NIH launches Bridge2AI program to expand the use of artificial intelligence

The National Institutes of Health will invest $130 million over four years, pending the availability of funds, to accelerate the widespread use of artificial intelligence (AI) by the biomedical and behavioral research communities. Read more:  NIH

Energy

Unlikely alliance resists Manchin-Schumer energy deal

A deal cut to secure the support of Sen. Joe Manchin for the Democrats’ controversial Inflation Reduction Act is now creating problems for another major issue looming over Congress: Funding the government to avoid a shutdown by month’s end. As he vowed to support the sweeping health care and energy bill this summer, Manchin won assurances from top Democrats, including Senate Majority Leader Chuck Schumer, to advance a plan that would expedite the permitting and environmental review process for energy projects – including a major pipeline that would cross through his state of West Virginia. Schumer has vowed to include the White House-backed deal in legislation to keep government agencies afloat beyond September 30. But an unlikely alliance is forming between progressives alarmed at the deal’s potential environmental impact and Senate Republicans still livid that Manchin cast the vote that ensured the health care and energy bill’s enactment into law. Read more:  CNN, The Hill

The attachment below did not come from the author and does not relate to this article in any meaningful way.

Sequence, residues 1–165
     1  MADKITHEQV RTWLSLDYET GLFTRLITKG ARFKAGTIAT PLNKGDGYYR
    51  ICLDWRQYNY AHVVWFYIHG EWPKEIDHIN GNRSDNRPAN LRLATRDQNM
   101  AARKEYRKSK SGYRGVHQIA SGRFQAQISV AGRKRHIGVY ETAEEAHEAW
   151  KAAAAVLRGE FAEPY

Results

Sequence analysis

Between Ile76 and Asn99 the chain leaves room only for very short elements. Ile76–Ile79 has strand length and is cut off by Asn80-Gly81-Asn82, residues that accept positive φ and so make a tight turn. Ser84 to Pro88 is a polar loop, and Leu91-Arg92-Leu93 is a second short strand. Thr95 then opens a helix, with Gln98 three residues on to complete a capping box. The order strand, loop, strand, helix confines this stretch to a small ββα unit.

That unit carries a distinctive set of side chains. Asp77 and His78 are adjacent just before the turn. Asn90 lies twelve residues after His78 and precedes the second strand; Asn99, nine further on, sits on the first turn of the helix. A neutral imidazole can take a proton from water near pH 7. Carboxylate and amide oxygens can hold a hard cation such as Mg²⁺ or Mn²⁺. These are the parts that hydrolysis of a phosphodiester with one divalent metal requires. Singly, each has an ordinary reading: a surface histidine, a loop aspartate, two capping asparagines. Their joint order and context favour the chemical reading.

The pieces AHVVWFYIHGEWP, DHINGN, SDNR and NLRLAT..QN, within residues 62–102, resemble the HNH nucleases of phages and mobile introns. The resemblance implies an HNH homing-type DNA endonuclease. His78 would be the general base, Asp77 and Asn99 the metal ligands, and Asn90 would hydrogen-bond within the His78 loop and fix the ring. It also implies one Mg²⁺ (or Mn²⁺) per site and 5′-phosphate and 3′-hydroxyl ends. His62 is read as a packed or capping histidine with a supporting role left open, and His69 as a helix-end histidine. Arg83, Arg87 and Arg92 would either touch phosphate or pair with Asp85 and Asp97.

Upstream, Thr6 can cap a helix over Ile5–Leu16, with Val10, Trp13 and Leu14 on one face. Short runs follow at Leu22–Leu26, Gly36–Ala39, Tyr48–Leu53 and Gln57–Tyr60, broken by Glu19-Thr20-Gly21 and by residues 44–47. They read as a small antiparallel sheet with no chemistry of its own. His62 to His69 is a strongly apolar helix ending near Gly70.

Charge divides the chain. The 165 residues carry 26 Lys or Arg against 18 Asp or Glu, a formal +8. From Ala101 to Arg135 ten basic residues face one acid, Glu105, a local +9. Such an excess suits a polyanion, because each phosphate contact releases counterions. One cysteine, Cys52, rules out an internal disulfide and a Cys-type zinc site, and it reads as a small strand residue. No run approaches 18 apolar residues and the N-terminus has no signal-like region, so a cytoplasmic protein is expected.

Biden-Harris administration announces historic $7 billion funding opportunity to jump-start America's clean hydrogen economy

On September 22 the U.S. Department of Energy opened applications for the $7 billion program to create regional clean hydrogen hubs (H2Hubs) across the country, which will form a critical arm of America's future clean energy economy.  As part of a larger $8 billion hydrogen hub program funded through the Bipartisan Infrastructure Law, the H2Hubs will be a central driver in helping communities across the country benefit from clean energy investments, good-paying jobs, and improved energy security. Read more:  DOE

Environment

NSF's Convergence Accelerator invests $30 million to tackle challenges related to the blue economy

NSF is tackling challenges related to climate, sustainability, food, energy, pollution and the economy through a $30 million investment to advance six convergent research teams from Phase 1 to Phase 2 of NSF's Convergence Accelerator Track E: Networked Blue Economy. Read more:  NSF

Senate approves first climate treaty in decades

The Senate ratified its first international climate treaty in three decades on September 21, approving an agreement worked out in 2016 that will phase down refrigerant chemicals that are among the most potent climate pollutants. While the Senate is badly divided on most climate issues, strong backing from the business community to eliminate hydrofluorocarbons, known as HFCs, aligned with environmentalists’ agenda to help secure enough Republican support to meet the Constitution’s requirement of two-thirds support. Read more:  Politico

DC Landscape — April 11, 2022

General Science and Research News

NSF Strategic Plan

The National Science Foundation 2022-2026 Strategic Plan describes NSF's mission, vision, core values, goals, and strategic objectives for the next five years. The NSF 2022-2026 Strategic Plan builds on 70 years of NSF driving critical research across all fields of S&E and lays out our vision for the future of discovery and innovation.  Read more:  NSF

House and Senate leaders announce conference committee members for pending competitiveness legislation